He stared through the open window toward the western horizon, where the sun sank, still blindingly bright, behind a dark line of trees.
Heaven preserve me. Will I ever see daylight again?
He drew a deep breath. Yes, he would see many more days, months, and years. Most of the companions with whom he had frolicked had settled into marriage. Tonight he, too, must push his youthful fancies and his sodomite desires aside and become a man.
At the door, Ann frowned as if he’d clouted her, and then hugged him tightly until her tears wet his shoulder. Richard slapped Tam’s back so jovially he nearly toppled forward. “I know you’ll survive, lad. The clever ones always do.”
Jerome snickered, gulped his mead, and belched at him. Then Tam set off, up the track toward the forest, quelling his misgivings by concentrating on the instructions Calleagh had given him.
“Follow the narrow track that winds from the ash grove until you near the blasted oak, and then wait. The first guide will come to you, and when you answer its question correctly, it will set you on the right path
The blasted oak proved easy to find, and he waited, palms sweating, breathing deeply of the hot summer night rich with the syrup of windfall fruits. Always hating idling, he kicked at a moldering plum, felt his toe scorch--and then tumbled back onto his haunches. A green sprite, shaped like a tiny, exotic monkey with orange eyes as round as cartwheels, leaped from the plum and demanded, “What roars in your ear yet has no throat?”
Such an open play of magic snatched Tam’s breath, but he steeled his nerve. The little sprite jumped on his knee and leered at him, and Tam refrained from laughing in its face. Calleagh had told him the challenges would prove no challenge--but riddles? He offered a coy smile before he answered. He couldn’t help it.
Riddles were as simple to him as pissing in a pot.
* * * *
The night seemed to last an age. Tam answered two dozen riddles and followed winding paths through ditches and bogs thick with mud that clung to his shoes, and with brambles that bit his ankles as readily as the flies did. When finally he heard Calleagh call, she startled him.
“Take it!” she cried. “Take the betrothal ribbon from the sacred oak and bind me to you as your fairy bride.”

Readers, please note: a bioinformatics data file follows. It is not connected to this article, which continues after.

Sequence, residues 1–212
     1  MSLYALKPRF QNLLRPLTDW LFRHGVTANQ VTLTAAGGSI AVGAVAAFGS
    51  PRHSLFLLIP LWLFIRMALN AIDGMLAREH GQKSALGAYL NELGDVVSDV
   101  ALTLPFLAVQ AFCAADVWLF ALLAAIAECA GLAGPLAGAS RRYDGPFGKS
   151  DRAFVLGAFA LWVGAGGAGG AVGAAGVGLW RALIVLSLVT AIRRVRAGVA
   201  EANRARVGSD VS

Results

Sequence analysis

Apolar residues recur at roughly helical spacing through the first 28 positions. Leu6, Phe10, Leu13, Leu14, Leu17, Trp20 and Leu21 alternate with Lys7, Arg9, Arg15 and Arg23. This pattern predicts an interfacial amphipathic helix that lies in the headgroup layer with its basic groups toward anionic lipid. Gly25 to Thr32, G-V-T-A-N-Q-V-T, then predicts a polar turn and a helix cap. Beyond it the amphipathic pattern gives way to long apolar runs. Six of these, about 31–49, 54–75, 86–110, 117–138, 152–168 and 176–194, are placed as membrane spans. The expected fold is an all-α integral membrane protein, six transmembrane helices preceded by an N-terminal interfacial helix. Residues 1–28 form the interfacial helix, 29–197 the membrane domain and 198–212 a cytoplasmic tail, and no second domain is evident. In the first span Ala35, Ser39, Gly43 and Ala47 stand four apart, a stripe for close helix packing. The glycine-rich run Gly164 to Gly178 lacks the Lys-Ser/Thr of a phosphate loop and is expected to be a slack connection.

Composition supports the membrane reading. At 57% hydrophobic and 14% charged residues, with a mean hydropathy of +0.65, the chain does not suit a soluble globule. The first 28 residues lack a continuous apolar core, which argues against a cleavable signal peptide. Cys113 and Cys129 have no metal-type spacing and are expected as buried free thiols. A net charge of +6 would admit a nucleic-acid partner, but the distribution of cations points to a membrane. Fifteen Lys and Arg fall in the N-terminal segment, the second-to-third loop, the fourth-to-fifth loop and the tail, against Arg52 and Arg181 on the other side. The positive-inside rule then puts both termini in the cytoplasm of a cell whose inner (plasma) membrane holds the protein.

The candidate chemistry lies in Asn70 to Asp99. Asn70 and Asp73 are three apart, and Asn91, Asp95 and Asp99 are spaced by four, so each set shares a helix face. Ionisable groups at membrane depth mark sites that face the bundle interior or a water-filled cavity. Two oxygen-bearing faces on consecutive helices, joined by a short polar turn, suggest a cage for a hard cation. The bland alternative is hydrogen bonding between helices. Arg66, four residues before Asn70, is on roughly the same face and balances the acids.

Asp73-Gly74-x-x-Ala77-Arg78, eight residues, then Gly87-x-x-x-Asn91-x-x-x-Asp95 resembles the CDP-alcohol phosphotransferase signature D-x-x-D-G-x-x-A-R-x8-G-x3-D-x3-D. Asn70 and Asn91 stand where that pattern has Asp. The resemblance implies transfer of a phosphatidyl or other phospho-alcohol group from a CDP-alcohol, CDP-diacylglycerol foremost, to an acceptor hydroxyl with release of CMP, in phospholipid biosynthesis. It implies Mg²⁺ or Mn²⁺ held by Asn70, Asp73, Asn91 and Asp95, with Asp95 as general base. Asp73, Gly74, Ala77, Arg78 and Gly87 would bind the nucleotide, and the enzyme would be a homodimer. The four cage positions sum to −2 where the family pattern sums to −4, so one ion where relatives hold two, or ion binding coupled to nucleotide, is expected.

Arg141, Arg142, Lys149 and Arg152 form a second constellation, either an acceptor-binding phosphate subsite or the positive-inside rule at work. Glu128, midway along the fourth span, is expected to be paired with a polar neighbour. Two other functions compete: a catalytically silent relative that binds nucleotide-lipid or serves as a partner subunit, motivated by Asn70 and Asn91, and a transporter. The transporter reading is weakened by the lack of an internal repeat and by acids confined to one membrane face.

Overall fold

Breathless from his journey, he turned to see her crouched in a circle of toadstools, her golden hair and porcelain complexion glittering as bright as the moon that lit his way. Just a few yards ahead, he saw a green ribbon pinned to the trunk of an oak amid a tangle of holly. The betrothal ribbon. It was as broad as his wrist was wide and as long as his arm. So he’d made it to the secret dell where the ritual would take place. Nerves surging once more, he picked through brambles toward the tree.
“Hurry,” said Calleagh. “Wind it about your wrist. You’ve only till dawn, my love, and dawn hastens upon us.”
He unhooked the ribbon, heedless of the holly leaves that scratched his hands and drew blood, then tied it around his wrist. The ribbon felt...sticky? Curious, he lifted the fabric and sniffed an odor sweeter than any exotic conserve or candy.
Wild honey, from a hive hidden in the branches above, trickled over the oak and the holly, coating the ribbon and setting his wounds sizzling with exquisite pain. Licking his fingers, he tasted nectar mingled with the copperlike tang of blood. His stomach tightened, bile rising in his throat. Calleagh’s touch on his shoulder set his heart galloping, and he turned. The glow of her smile ought to have melted the sharper edges of his fears. His mouth went dry, the sugar turning to grit.
“The youngest son of a yeoman is always the cleverest.” She wet her lips as if preparing for a sumptuous feast, then lowered her voice. “You had no difficulty with the riddles of the spirits, sweet one?”
“No,” he whispered, aware Calleagh’s fairy sisters would be with them soon, and they, like his kin, knew nothing of the guidance she’d given him for his journey through the forest. “The first spirit asked, ‘What roars in your ear yet has no throat?’ The answer was the wind. I would have known as a mere boy.”
“You are still a boy.” She bridled his objection, pressing her forefinger to his lips and laughing. “Answer this one, my clever boy, and become a man. I prick, I tug, I slip, and I bend. If I don’t fit, then lick my end. What am I?”
His cheeks flushed with blood. For once, he wished his mind were not so quick. “Uh...a needle and thread?”
Calleagh grasped his loins through his breeches and squeezed so hard he winced. “Don’t jest with me. I feel your answer here. Must I lick it, or will you stand proud for the sight of me?”
Stepping away, she unclasped an emerald brooch at her throat. Her cloak floated to the ground, leaving her standing before him in nothing but a transparent gown that revealed the outlines of her full breasts and the golden hair between her legs. He slid his gaze to her eyes that danced with unspoken promises. Calleagh was beautiful. Yet despite reason, ambition, and all the rewards she may bring, he felt nothing for her, beyond his vague fear of her kind.